• Small amount needed
  • Pathogens grow inside host
  • Extremely toxic
  • Botox Dot of an i kills 10
  • Easy/inexpensive to grow
  • Cheese making equipment (viruses more difficult
    than bacteria / toxins)
  • Large amount produced in short period of time
  • Days to weeks
  • Potential for panic

18
2. Disadvantages of Bioweapons
  • Protection of Workers and Public
  • Release into environment (Sverdlovsk was state of
    the art!)
  • Quality control
  • Particles must be aerosolized (1 micron or so)
  • Delivery problems
  • Rain, wind, UV light
  • Bombs, bomblets, and shells produce poor,
    localized aerosols
  • Heat and shock waves (explosions) kill most
    organisms
  • Poor storage survival
  • Difficult to control release boomerang effects

19
B. Patterns of Proliferation
20
1. CBW Proliferation (Official)
21
2. Suspected BW Proliferation
22
3. Causes of BW Proliferation
  • Portfolio Strategy Every BW aspirant has also
    pursued Chemical and/or Nuclear Weapons. What
    does this suggest?
  • Cost-Effectiveness BW cheaper than other WMD
  • Ease of acquisition offensive BW relies on
    dual-use technology
  • Difficult to detect Weakness of BWC,
    permissibility of defensive research

23
4. Predicting BW Proliferation
  • Best predictors are security variables
  • Enduring Rivalry Increases Risk
  • Dispute Involvement Increases Risk
  • Defense Pact Decreases Risk
  • Large states more likely to develop BW
  • Other predictors include
  • Democracy Decreases Risk
  • IO Membership Slightly Increases Risk
  • Wealth Increases Risk

24
C. Proliferation The Risks
  • Risk of state use Relationship depends on
    balance between deterrence and escalation
  • Deterrence Use of threats to prevent BW
  • Escalation Use of BW to achieve dominance in
    war
  • Little evidence to test comparisons State BW
    use has always been rare. Only examples are
    cases where no retaliation was possible.

25
d. BW Doctrines as Evidence (Planning the
Unthinkable)
  • i. Realism States use BW to alter the balance of
    power with rivals. Implies BW good for the weak
    side in asymmetric dyads, bad for the strong side
    in asymmetric dyads, and good for balanced dyads.
    Problem balance of capabilities appears to
    increase war risk!

26
ii. Organization theory
  • Military organizations pursue autonomy and
    therefore develop offensive strategies
  • Undermines ability of BW to deter (realism)
    because militaries are partially independent of
    political calculations that drive civilians to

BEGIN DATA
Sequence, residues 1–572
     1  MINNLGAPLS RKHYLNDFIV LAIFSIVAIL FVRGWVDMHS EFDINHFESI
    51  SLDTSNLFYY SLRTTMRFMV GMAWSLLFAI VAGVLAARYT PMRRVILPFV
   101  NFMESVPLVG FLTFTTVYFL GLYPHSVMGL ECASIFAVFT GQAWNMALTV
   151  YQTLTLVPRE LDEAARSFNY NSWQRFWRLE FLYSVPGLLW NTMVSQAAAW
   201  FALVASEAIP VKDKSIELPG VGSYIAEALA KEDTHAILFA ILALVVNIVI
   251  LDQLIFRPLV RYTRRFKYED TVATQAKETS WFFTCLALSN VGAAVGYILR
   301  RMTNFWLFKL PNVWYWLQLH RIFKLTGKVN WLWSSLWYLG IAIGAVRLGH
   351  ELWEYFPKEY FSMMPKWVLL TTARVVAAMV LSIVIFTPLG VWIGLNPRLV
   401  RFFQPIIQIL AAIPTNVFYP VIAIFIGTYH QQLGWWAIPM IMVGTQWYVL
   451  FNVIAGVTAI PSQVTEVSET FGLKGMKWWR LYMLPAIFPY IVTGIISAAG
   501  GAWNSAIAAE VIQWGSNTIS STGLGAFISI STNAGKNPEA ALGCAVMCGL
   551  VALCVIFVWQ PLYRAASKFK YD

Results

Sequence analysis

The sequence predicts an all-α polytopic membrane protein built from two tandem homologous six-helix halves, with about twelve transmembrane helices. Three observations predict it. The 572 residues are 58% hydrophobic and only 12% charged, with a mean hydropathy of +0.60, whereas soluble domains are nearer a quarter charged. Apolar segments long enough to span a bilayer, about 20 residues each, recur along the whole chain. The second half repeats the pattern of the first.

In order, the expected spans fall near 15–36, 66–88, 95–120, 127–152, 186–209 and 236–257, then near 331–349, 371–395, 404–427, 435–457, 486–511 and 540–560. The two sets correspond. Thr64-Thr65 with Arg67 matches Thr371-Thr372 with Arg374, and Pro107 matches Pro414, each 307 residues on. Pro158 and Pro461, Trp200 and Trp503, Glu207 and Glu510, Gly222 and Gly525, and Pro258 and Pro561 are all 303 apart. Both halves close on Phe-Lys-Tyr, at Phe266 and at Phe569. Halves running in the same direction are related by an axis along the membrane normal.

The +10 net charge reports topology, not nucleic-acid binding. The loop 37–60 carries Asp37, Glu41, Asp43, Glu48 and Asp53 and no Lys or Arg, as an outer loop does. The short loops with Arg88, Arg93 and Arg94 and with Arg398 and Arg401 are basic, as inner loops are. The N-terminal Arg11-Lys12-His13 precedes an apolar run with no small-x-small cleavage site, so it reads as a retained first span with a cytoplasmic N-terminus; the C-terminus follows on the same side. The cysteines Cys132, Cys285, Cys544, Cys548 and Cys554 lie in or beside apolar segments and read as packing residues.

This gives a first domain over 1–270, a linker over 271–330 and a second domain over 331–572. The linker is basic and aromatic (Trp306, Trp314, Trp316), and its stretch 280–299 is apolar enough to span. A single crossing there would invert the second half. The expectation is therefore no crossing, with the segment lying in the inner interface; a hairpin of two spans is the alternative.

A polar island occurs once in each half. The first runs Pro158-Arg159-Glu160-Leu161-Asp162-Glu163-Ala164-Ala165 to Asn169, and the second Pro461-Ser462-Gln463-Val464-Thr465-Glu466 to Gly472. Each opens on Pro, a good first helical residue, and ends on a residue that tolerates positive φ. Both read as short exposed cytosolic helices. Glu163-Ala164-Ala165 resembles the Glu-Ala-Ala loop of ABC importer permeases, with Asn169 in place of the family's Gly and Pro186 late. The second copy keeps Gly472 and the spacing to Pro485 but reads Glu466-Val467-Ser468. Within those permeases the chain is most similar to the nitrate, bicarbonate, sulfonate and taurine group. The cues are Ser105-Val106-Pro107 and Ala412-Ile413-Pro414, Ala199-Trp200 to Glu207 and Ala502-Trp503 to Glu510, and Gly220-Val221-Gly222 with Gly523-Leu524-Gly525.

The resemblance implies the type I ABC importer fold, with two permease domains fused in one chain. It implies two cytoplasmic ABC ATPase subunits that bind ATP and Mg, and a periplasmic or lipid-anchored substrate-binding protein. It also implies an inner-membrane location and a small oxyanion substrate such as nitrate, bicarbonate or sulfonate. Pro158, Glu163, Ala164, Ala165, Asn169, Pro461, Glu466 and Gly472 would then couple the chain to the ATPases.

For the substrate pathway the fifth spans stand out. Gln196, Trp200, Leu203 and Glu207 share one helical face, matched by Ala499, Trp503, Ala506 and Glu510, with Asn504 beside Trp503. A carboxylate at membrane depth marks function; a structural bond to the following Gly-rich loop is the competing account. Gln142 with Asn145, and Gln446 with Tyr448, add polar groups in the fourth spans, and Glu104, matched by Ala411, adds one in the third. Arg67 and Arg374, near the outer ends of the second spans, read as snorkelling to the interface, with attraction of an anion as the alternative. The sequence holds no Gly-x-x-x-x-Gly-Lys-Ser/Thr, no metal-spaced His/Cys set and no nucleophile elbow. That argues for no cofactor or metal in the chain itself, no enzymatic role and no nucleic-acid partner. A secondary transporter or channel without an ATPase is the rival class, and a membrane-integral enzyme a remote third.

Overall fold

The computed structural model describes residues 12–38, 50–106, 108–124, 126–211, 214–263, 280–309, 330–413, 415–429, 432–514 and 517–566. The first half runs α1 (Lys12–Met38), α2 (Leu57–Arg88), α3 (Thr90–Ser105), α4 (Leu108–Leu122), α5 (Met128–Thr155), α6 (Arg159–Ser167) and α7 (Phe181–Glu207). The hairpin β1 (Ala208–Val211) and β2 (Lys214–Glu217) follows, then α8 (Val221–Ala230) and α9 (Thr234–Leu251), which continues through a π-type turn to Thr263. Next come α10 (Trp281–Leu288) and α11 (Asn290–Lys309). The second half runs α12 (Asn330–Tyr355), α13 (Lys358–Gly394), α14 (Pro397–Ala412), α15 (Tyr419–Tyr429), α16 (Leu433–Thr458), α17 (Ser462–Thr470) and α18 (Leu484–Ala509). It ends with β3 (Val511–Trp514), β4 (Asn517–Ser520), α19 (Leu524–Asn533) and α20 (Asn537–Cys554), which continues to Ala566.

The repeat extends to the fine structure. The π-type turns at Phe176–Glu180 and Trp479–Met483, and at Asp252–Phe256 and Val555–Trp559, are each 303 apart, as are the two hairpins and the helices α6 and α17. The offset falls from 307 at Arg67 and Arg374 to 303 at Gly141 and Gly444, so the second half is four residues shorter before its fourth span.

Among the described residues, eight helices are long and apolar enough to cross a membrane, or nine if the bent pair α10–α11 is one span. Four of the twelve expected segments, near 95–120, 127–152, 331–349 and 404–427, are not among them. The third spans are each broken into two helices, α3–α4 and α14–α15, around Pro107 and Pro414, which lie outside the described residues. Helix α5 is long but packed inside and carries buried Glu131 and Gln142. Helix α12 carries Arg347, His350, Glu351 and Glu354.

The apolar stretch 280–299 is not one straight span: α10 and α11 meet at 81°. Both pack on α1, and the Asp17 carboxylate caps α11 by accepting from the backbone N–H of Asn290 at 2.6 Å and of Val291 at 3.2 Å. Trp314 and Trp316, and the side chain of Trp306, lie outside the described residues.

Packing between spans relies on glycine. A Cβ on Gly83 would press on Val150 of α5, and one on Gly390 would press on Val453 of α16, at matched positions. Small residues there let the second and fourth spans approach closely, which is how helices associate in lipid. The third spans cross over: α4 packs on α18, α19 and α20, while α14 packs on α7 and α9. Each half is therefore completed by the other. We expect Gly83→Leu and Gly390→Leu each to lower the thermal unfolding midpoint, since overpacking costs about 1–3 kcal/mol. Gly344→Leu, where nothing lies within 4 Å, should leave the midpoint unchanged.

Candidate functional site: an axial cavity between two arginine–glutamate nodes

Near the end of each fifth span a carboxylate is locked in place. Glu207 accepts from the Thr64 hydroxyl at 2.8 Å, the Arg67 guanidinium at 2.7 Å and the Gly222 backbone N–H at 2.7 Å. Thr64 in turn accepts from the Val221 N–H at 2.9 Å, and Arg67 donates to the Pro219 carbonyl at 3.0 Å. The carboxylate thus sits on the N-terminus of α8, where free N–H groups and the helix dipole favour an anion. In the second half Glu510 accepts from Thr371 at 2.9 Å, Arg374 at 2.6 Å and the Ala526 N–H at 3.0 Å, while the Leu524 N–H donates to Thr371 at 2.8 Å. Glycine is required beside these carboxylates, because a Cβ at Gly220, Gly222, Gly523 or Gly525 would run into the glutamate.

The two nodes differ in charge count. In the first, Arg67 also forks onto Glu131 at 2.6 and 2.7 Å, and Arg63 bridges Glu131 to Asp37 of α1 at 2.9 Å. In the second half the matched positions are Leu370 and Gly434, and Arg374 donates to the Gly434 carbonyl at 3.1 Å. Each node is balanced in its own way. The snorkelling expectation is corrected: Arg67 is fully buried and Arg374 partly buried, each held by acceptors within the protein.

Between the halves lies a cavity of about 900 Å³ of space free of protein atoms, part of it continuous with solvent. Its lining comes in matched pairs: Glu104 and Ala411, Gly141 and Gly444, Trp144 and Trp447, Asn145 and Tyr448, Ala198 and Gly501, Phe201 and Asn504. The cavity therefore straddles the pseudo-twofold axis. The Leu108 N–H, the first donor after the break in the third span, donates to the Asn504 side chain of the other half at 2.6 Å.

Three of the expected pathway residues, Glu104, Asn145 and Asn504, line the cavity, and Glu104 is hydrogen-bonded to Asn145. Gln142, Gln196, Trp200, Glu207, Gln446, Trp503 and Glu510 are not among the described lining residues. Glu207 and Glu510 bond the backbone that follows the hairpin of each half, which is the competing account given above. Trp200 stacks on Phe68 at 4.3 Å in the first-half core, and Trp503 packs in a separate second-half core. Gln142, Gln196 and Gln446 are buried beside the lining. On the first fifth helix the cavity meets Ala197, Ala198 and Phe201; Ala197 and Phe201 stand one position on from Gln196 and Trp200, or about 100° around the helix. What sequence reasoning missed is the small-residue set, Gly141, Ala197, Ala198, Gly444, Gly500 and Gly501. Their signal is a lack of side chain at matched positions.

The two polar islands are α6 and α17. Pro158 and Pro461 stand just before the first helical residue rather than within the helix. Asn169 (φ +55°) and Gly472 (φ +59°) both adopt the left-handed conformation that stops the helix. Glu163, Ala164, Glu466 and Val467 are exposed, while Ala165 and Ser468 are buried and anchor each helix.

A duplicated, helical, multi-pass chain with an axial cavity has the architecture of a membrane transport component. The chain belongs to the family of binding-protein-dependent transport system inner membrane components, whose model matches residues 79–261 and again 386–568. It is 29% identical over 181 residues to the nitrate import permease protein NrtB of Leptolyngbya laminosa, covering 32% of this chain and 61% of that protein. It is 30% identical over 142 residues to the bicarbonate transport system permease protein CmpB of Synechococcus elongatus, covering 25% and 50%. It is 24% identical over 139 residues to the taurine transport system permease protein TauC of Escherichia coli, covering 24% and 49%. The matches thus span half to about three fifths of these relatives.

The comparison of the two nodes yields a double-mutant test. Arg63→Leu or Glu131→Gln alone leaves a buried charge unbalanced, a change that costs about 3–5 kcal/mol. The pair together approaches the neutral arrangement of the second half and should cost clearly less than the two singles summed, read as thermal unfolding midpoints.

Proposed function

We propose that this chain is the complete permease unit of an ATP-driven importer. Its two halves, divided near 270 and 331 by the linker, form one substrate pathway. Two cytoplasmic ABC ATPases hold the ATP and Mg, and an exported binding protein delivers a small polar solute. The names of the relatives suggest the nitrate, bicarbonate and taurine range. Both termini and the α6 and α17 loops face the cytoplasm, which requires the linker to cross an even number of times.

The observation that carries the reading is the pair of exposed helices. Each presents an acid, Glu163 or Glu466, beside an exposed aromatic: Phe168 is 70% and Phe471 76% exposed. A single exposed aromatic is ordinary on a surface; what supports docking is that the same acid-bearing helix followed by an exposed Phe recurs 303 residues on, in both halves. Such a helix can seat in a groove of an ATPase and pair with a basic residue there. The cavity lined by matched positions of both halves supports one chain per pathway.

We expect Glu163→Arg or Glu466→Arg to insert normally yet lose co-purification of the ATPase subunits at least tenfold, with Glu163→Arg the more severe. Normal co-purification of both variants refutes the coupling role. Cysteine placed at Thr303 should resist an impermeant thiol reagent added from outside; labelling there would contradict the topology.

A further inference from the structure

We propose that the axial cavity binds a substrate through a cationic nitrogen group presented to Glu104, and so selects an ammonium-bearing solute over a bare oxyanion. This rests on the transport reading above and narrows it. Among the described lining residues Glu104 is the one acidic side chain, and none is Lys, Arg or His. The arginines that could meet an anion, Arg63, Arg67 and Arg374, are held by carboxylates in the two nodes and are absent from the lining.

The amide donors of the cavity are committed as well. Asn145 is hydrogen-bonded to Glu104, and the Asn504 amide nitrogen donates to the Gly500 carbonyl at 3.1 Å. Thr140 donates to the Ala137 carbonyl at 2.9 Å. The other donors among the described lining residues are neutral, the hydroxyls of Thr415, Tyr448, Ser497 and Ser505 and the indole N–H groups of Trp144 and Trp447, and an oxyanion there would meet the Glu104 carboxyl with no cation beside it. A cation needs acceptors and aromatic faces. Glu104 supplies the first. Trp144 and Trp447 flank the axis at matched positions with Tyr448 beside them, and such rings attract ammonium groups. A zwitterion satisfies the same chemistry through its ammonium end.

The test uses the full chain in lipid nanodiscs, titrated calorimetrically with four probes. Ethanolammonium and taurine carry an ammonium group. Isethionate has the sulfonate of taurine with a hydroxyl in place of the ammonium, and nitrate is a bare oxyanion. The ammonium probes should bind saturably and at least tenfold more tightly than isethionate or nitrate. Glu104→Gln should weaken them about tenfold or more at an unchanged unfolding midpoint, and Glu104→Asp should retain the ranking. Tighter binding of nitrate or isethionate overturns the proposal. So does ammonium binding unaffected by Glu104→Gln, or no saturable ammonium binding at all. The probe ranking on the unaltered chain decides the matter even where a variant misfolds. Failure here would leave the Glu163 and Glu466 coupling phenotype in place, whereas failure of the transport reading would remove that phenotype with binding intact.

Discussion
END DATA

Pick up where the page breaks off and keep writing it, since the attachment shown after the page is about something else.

avoid war

27
iii. Strategic culture theory
  • Civilians also pursue goals other than national
    security i.e. re-election
  • Militaries differ in the degree to which they
    seek autonomy
  • No clear conclusions about whether more BW is
    dangerous
  • Which theory is correct? Read the case studies

28
2. Risk of nonstate use
  • Proliferation should increase risk of nonstate
    use, ceteris paribus. Why?
  • However, hypothesis is difficult to test because
    all is not equal Role of nonstate actors in
    politics changes over time (increase in foreign
    military intervention by nonstate actors)

29
3. Risk of accidental use
  • Risk is not zero remember Sverdlovsk
  • Risk increases with each new BW state
  • Safety measures can slow the increase but not
    avert it.

30
4. The danger of proliferation
  • The nonstate dimension We dont need to assume
    rogue states are any different in order to
    conclude that more BW is dangerous. Majority of
    BW uses have been nonstate or accidental
    releases!
  • State-level deterrence fails does not deter
    nonstate actors and has only limited effect on
    accidental releases (provides incentive for
    strong safety systems)
  • Conclusion Deterrence alone is insufficient.
    Efforts to reduce proliferation or roll back BW
    programs necessary to decrease BW risk

31
D. Anti-Proliferation Strategies
  • Nonproliferation Arms Control
  • (See Assignment 1 and in-class exercises for
    details on the BWC and its effect on
    proliferation)

32
a. The 5th Review Conference of the BWC
  • US scuttles the conference (Guillemin) BUT
  • Russia also tried to undermine BWC through
    definition of dozens of terms (would create legal
    loopholes to enable everything but BW programs)
  • NAM (led by China and including Pakistan and
    India) sought to strengthen Article X (sharing
    technical expertise) at the expense of Article
    III (export controls) and even inspections

33
b. The 6th Review Conference
  • Ended December 8, 2006
  • Only significant accomplishment was agreement on
    annual meetings before the next Review Conference
    in 2011
  • (The 2011 meeting is our simulation)

34
2. Counterproliferation Compellence as a strategy
  • Rejects deterrence alone must have ability to
    coerce states or groups with BW into renouncing
    it, not just to refrain from using it
  • Distinct from arms control includes use of
    force associated with reluctance to make
    concessions (bargain)

35
3. Paradoxes of Anti-Proliferation
  • a. Counterproliferation can undermine
    nonproliferation Threat of pre-emptive war may
    encourage WMD development. New
    counterproliferation strategies threaten first
    use of nuclear weapons (new bunker busters). See
    the Sagan article for why this might be a bad
    idea.

36
b. The deterrence dilemma
  • Deterrence cannot roll back BW, because BW
    programs built in full knowledge of the deterrent
    threat (i.e. already taken into consideration)
  • Increased ability to deter increases threat
    (primary driver of proliferation)

37
c. The nonproliferation paradoxes
  • Rewarding bad behavior Incentives to renounce
    BW may encourage others to build BW as bargaining
    chips
  • Substitution effect Verification on one
    dimension of WMD may increase appeal of other
    dimensions